Madagascar is a low-income country, which economy is characterized by the availability of unique and high-quality natural resources. Foreign Direct Investment (FDI) has been important in Madagascar from the perspective of domestic economy and trade. There are several foreign owned firms in the fast-growing sectors, supporting exposure to new technologies. In the mid-2000s, the FDI in Madagascar was mainly focused on natural resources-seeking investment related to mining of minerals. In the recent years foreign direct investment (FDI) has been increasing in Madagascar and is increasingly targeted towards a range of high-performing sectors in the economy, such as agribusiness, textiles and apparels [1].

However, in order to carry out the adaptation and mitigation actions needed to fulfill the NDCs, a notable amount of financial support from global partners is required, through the United Nations Framework Convention on Climate Change (UNFCCC) and other existing or future financial mechanisms. The estimate costs of the mitigation actions will be above 6 billion US dollars and the cost associated with the implementation of all the actions presented in the NDC are estimated at USD 42.099 billion [2].  


Past international development assistance and private sector investments in Madagascar have been hampered by political instability and issues in governance.  However, Madagascar's high poverty rate, climatic vulnerability and unique terrestrial and marine biodiversity could help the country to obtain sources of financing from global investors and lure sustainable development funds [3].


Key policies and governance approach

The Emerging Madagascar Plan (EMP) 2019-2023 is the benchmark for the country's development policy and is based on three fundamental pillars of sustainable development: (i) developed human capital; (ii) accelerated, inclusive and sustainable economic growth; and (iii) the transformation of Madagascar into a green island [4].

Madagascar has received around USD 756 million as net official development assistance in 2019, which represented around 14% of imports of goods, services and primary income and around 53% of central government expense [5].

To manage the costs associated to the NDCs. Madagascar is creating a sustainable national financial mechanism,  based on the external contributions and domestic resources, that will deal in particular with climate change [6].


Successes and remaining challenges

For post-COVID-19 recovery, the government intends to focus on implementing the Emerging Madagascar Plan (EMP) to achieve zero hunger by 2023 through increased agricultural productivity, among other goals. However, the country should also step-up efforts in regards to climate change mitigation.  Madagascar needs to strongly promote FDI.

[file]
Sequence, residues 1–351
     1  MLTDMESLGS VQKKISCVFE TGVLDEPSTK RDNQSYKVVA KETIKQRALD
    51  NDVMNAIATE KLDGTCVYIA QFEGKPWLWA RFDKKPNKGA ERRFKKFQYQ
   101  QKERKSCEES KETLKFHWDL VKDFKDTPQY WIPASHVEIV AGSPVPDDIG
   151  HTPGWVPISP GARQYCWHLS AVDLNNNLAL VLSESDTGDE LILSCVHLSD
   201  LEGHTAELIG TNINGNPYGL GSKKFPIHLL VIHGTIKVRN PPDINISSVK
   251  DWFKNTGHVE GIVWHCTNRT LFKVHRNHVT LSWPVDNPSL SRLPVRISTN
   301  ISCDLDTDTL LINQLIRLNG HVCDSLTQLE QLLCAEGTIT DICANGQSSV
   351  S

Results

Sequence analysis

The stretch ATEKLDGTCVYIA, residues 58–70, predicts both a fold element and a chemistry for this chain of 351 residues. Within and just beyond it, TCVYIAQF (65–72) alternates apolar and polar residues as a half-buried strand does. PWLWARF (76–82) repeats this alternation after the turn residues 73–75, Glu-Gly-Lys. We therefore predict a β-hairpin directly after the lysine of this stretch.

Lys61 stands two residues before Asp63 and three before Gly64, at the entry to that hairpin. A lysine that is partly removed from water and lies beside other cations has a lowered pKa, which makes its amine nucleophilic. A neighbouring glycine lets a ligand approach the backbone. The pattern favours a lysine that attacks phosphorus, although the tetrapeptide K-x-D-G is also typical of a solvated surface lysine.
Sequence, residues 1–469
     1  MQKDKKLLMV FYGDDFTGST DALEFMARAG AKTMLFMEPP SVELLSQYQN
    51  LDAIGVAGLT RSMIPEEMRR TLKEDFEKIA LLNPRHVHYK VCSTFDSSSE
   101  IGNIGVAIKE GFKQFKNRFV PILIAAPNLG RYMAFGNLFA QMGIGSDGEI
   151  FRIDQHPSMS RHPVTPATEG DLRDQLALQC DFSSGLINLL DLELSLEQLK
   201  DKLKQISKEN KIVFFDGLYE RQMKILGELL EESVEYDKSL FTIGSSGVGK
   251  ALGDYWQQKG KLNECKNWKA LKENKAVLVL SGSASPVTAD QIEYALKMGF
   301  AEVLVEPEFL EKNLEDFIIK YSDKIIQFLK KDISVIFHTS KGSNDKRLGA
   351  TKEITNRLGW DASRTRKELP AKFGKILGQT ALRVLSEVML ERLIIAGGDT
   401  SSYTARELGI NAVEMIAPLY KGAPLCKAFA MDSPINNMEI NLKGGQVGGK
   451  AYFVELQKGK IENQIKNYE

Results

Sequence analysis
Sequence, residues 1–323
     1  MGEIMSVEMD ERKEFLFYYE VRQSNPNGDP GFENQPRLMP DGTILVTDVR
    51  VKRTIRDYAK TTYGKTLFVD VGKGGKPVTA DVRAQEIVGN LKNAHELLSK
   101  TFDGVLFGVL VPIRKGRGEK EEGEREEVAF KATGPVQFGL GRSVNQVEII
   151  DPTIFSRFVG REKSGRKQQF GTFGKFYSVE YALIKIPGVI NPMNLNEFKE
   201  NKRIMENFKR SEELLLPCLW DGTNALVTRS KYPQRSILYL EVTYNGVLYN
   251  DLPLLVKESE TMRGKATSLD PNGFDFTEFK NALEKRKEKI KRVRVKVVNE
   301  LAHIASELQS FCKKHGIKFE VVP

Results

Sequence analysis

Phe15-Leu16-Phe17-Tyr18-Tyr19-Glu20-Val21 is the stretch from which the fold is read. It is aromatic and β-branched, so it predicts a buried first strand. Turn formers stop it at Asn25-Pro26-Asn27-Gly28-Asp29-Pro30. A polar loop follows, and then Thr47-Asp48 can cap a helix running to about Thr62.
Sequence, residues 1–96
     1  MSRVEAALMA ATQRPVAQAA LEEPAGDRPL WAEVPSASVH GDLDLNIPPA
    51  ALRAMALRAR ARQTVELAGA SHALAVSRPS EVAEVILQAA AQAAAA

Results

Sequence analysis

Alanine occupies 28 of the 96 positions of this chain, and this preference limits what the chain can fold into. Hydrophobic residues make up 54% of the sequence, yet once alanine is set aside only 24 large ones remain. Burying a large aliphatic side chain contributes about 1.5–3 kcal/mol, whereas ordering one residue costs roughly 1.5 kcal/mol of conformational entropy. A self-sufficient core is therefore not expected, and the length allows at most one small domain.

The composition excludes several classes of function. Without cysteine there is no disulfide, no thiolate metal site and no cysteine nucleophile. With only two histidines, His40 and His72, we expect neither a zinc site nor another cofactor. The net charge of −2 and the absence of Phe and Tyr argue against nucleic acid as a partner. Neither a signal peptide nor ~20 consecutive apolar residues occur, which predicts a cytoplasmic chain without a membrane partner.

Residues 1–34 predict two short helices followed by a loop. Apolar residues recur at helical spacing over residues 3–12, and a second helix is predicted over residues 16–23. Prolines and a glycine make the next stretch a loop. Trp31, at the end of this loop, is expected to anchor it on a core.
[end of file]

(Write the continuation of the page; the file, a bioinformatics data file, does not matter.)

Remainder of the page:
Initiatives and Development Plans

In 2020, Madagascar's Ministry of Environment and Sustainable Development (MEDD) and the United Nations Development Program (UNDP) jointly organized the launch of a program funded by the Green Climate Fund (GCF) of a total budget of USD 1.3 million. The adaptation planning project under the preparedness program aims to support Madagascar’s efforts in climate change adaptation by generating knowledge, strengthening institutional capacities and leveraging funding opportunities [7]. An important component of the program will focus on promoting private sector investments to cover the massive costs of climate adaptation actions in Madagascar, estimated at USD 28.7 billion in its national determined contributions (NDC) [7].

In addition, Althelia Madagascar Fund supports climate-smart agriculture and renewable energies in the east of the country [3]. The  Green Climate Fund (GCF) funded a $ 60 million proposal to strengthen national meteorological services and early warning systems in Madagascar. The Adaptation Fund, registered new commitments of $ 129 million in 2018 and recently approved $ 14 million for building urban climate resilience in four African countries, including Madagascar [3].


Goals and Ambitions

Madagascar aims to be an emerging economy by 2030 and aims for inclusive and sustainable economic growth.



[2], [3]

  • It is strategic for Madagascar to continue efforts to integrate climate change concerns into relevant policies and planning processes at the state and national levels;
  • The country should increase fund and implement impact studies regarding climate change impacts for the country and key sectors such as agriculture and fisheries;
  • Madagascar should explore the possibilities of promoting environmentally friendly small and medium-sized enterprises;
  • support actors who can help the rural to engage in small-scale green industries, sustainable fishery or circular economy business models.
  • Madagascar should reduce environmental pollution and resource depletion through investments in eco-industrial activities, environment sector and conservation of its rich biodiversity.
  • In addition, it must be noted that, to carry out the adaptation and mitigation actions needed to fulfill the NDCs, a notable amount of financial support from global partners is required.